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94 Minn. L. Rev. Headnotes 1 (2009-2010)

handle is hein.journals/headnotpan94 and id is 1 raw text is: Response

Innovating Between and Within
Technological Paradigms: A Response to
Samuelson
Peter Leet
Patents on interfaces are problematic-sometimes. In Are
Patents on Interfaces Impeding Interoperability?, Professor Pa-
mela Samuelson lays a valuable foundation for distinguishing
when they are and when they are not.' She begins by reviewing
the economic benefits of interoperability as well as the histori-
cal emergence of interface patents, which threaten to impede
such interoperability.2 After surveying an impressive array of
potential policy responses,3 she concludes that patentees gen-
erally face adequate incentives to allow access to proprietary
interfaces.4 Therefore, she ultimately argues in favor of meas-
ured, targeted policy interventions to remediate the (rare) in-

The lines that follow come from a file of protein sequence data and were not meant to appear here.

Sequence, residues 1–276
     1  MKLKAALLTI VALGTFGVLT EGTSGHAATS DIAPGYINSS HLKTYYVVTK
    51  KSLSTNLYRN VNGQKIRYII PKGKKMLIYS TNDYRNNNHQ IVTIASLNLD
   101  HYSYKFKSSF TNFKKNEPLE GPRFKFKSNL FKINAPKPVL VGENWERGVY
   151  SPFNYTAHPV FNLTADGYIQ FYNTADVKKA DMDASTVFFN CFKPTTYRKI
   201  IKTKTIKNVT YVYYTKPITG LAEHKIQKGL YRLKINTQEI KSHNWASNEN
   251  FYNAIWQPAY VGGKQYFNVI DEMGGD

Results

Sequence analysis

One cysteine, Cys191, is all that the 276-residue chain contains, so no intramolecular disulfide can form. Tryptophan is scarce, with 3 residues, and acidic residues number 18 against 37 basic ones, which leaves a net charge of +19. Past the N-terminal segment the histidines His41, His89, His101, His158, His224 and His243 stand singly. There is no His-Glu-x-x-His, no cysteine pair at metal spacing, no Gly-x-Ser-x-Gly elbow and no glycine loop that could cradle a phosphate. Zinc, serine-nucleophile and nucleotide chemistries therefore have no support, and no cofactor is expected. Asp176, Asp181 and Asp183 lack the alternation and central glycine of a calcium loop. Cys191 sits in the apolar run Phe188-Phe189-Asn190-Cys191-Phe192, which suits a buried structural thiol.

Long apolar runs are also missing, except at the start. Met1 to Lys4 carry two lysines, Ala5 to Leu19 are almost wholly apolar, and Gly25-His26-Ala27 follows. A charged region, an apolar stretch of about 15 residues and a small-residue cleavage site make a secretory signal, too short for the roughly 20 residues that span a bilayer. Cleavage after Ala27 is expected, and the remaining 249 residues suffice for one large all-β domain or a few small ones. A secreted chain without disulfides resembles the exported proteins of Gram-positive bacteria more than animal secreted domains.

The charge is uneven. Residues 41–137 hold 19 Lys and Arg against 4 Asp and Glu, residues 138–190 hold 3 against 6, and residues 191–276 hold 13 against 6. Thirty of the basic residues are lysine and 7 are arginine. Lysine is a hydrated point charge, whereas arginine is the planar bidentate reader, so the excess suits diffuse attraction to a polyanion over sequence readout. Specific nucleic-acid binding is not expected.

stances when interface patents actually impede interoperabili-
ty.5 In this Response, I extend Professor Samuelson's analyses
to further explore the antecedent question of identifying when
intervention is warranted. As we will see, moreover, determin-
ing when such patents warrant attention informs the question
of what kinds of intervention are most appropriate.
In elaborating my Response, I rely heavily on the concept
of technological paradigms. I adapt this term from philosopher
of science Thomas Kuhn, who characterized scientific para-
digms as coherent traditions of scientific practice rooted in un-
t  Acting Professor of Law, UC Davis School of Law. I would like to
thank Julie Cohen, Pamela Samuelson, and the editors of the Minnesota Law
Review. Copyright © 2009 by Peter Lee.
1. Pamela Samuelson, Are Patents on Interfaces Impeding Interoperabili-
ty?, 93 MINN. L. REV. 1943 (2009).
2. Id. at 1946-65.
3. Id. at 1969-2004.
4. Id. at 2004-05.
5. Id. at 2009.

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